2. Retention Rates [ Time Frame: Through study completion, an average of 12 weeks ]
    The number of participants completing the intervention and all scheduled assessments.

  3. Adherence Rates [ Time Frame: Through study completion, an average of 12 weeks ]
    The number of exercise sessions completed out of 36.

  4. Number of Participants with Adverse Events [ Time Frame: Through study completion, an average of 12 weeks ]
    The number of participants reporting or presenting adverse events (e.g., injury) that occurs as a result of participating in the exercise sessions and/or its assessments.


Other Outcome Measures:
  1. Quality of Life: Functional Assessment of Cancer Therapy - Colorectal (Ward et al., 1999; Yost et al., 2005) [ Time Frame: Baseline (week 0) and post-intervention (week 12) ]
    Change in self-reported quality of life from baseline to post-intervention.

  2. Cognitive Functioning: Functional Assessment of Cancer Therapy - Cognitive Function (Wagner et al., 2004) [ Time Frame: Baseline (week 0) and post-intervention (week 12) ]
    Change in self-reported cognitive function from baseline to post-intervention.

  3. Symptoms of Fatigue: the Functional Assessment of Chronic Illness Therapy - Fatigue Scale (Yellen et al., 1997) [ Time Frame: Baseline (week 0) and post-intervention (week 12) ]
    Change in self-reported fatigue from baseline to post-intervention.

  4. Affect: Positive and Negative Affect Schedule (Watson et al., 1988) [ Time Frame: Baseline (week 0) and post-intervention (week 12) ]
    Change in self-reported affect from baseline to post-intervention.

  5. Physical Activity Behaviour: Leisure Time Exercise Questionnaire (Godin & Shephard, 1985) [ Time Frame: Baseline (week 0) and post-intervention (week 12) ]
    Change in self-reported physical activity (over the past 7 days) from baseline to post-intervention.

  6. Resting Heart Rate: Heart Rate Monitor (Polar A300) [ Time Frame: Baseline (week 0) and post-intervention (week 12) ]
    Change in resting heart rate from baseline to post-intervention.

  7. Blood Pressure: Blood Pressure Monitor (HealthSmart Digital Blood Pressure Monitor) [ Time Frame: Baseline (week 0) and post-intervention (week 12) ]
    Change in resting blood pressure from baseline to post-intervention.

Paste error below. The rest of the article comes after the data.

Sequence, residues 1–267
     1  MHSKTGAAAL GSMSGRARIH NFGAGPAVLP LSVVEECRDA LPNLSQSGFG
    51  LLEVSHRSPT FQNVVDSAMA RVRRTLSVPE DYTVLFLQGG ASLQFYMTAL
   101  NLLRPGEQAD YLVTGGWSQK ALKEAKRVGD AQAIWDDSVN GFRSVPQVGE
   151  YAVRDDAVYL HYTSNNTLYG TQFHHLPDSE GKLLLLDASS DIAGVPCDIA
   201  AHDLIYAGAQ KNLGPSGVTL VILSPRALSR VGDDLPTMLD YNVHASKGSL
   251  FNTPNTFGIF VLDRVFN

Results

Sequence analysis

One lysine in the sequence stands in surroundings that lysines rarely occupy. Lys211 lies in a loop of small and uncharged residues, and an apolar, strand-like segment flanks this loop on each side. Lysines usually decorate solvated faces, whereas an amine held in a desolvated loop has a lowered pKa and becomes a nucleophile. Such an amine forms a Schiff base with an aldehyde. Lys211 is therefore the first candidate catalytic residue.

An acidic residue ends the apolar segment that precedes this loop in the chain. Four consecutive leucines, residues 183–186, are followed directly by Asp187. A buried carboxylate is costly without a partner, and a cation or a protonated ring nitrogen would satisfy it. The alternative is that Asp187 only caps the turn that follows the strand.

8. Body Mass Index: Tanita Scale (TBF-310 GS) [ Time Frame: Baseline (week 0) and post-intervention (week 12) ]
    Change in body mass index from baseline to post-intervention.

  9. Aerobic Capacity: 6-Minute Walk Test (Canadian Society for Exercise Physiology, 2013; Irwin, 2012) [ Time Frame: Baseline (week 0) and post-intervention (week 12) ]
    Change in aerobic capacity (i.e., total distance walked in 6 minutes) from baseline to post-intervention.

  10. Musculoskeletal Strength: Combined Grip Strength Using a Handheld Dynamometer (Canadian Society for Exercise Physiology, 2013, 2013; Irwin, 2012) [ Time Frame: Baseline (week 0) and post-intervention (week 12) ]
    Change in musculoskeletal strength (i.e., force exerted in kilograms on the handheld dynamometer) from baseline to post-intervention.

  11. Socio-Demographic and Medical Information Questionnaire [ Time Frame: Baseline (week 0) ]
    The socio-demographic and medical information collected will be used to describe the sample.



Information from the National Library of Medicine

Choosing to participate in a study is an important personal decision. Talk with your doctor and family members or friends about deciding to join a study. To learn more about this study, you or your doctor may contact the study research staff using the contacts provided below. For general information, Learn About Clinical Studies.


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Ages Eligible for Study:   18 Years to 85 Years   (Adult, Older Adult)
Sexes Eligible for Study:   All
Accepts Healthy Volunteers:   No
Criteria

Inclusion criteria are:

  1. Men and women 18 to 85 years of age;
  2. Diagnosed and/or completed treatment for stage I-III rectal cancer within the last 5 years;